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Hip Arthritis

  • What is hip arthritis?

    Hip arthritis is a painful condition of the hip, caused by progressive wearing away of the joint cartilage. The cartilage is an elastic covering at the joints. Without the cartilage, the bones will rub against each other, thereby causing pain. Hip arthritis is among the most frequent causes of hip pain.

    The most common type of hip arthritis is osteoarthritis, often referred to as ‘wear-and-tear’ arthritis. In this type of arthritis, the normally smooth cartilage is worn away from repeated use until the bone is exposed. Other types of arthritis include rheumatoid arthritis (autoimmune disorder attacking joints) and gouty arthritis (deposition of uric crystals in joints).

  • Hip arthritis usually affects patients older than 50 years and is also common in people who are overweight. Some unusual causes of arthritis are:

    • Developmental dysplasia – when the hip is dislocated or out of position during infancy, the joint may not develop properly, leading to arthritis and walking problems at a young age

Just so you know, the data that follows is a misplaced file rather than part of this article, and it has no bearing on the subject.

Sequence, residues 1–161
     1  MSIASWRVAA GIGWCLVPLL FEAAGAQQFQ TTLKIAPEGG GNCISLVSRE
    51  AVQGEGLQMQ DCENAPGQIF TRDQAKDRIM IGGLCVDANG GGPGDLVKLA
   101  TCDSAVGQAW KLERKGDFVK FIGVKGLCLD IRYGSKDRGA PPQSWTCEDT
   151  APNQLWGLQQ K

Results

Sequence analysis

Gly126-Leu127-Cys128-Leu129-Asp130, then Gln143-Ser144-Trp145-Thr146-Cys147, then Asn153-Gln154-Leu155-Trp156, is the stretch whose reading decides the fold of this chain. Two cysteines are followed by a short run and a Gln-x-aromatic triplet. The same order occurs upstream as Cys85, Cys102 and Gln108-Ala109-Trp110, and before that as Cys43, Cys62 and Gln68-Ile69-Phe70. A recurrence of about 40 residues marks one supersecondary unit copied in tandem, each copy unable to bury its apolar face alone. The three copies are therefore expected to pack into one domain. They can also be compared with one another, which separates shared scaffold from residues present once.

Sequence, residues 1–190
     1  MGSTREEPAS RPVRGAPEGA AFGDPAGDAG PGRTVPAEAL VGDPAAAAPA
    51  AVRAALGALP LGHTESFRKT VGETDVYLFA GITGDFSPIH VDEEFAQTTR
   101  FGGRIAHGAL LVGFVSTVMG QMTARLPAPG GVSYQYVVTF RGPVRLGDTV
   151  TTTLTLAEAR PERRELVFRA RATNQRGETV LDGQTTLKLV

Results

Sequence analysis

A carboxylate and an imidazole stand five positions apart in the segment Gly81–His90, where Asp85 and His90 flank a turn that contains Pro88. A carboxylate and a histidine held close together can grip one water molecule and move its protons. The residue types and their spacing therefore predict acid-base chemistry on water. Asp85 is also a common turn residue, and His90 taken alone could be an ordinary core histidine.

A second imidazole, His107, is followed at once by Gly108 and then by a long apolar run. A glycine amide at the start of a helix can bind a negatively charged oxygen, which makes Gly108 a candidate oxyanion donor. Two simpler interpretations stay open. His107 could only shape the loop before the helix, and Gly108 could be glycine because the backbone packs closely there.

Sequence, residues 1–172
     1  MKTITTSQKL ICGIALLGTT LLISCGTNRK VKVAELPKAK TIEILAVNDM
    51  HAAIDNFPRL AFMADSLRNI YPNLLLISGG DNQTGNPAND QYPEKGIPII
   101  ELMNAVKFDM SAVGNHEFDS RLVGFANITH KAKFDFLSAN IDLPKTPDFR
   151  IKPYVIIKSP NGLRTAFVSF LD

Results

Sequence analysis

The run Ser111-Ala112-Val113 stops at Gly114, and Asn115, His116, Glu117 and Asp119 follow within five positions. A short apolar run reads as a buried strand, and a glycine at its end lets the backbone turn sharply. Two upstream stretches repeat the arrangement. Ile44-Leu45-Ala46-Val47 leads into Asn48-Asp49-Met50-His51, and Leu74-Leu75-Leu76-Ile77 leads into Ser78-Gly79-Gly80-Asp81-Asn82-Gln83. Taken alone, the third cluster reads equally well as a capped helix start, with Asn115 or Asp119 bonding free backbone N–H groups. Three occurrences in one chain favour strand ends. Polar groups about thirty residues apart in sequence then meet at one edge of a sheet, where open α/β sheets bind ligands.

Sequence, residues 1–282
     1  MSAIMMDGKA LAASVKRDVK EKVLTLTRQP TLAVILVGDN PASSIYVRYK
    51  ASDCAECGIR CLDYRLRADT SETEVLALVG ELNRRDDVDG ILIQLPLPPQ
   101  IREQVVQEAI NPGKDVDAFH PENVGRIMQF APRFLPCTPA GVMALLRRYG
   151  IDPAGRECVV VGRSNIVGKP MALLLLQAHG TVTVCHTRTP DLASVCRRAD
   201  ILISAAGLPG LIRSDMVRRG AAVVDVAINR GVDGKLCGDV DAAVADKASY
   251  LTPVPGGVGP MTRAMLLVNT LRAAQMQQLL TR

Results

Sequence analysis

• Legg-Calve-Perthes disease (LCPD) – this is similar to osteonecrosis (reduced blood supply to the bone) but happens during childhood. It can lead to permanent hip damage and early arthritis
  • The most common symptom of hip arthritis is pain when putting weight on the affected region, eg. while walking or sitting for a prolonged period. Other symptoms include:

    • A limp, which is the body's way of protecting the hip
    • Difficulty walking over low obstacles on the ground
    • Stiffness, which may cause difficulty performing certain activities, eg. sitting and rising from a low chair, getting into or out of a car or using the toilet
    • As the condition worsens, pain may be felt all the time, even at night
  • Non-surgical treatments for arthritis include:

    • Heat to relax and loosen tissues and to promote blood flow to the affected area
    • Ice to reduce swelling
    • Non-steroidal anti-inflammatory drugs to ease pain and swelling
    • Rest to reduce the acute swelling

    Hip surgery may be considered in the following situations:

    • If arthritis limits day-to-day activities, eg. walking and bending down
    • If pain persists while resting
    • If stiffness limits the ability to move or lift your leg
    • If there is little pain relief from non-steroidal anti-inflammatory drugs

    Hip replacement surgery involves replacing the head of the femur (thigh bone) and the acetabulum (hip socket).

    Hip resurfacing, which saves more of the bone and minimises tissue trauma, only replaces the surface of the joint with a metal cap, making it appropriate for younger and more active patients.

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    There are 17 SpecialistsView All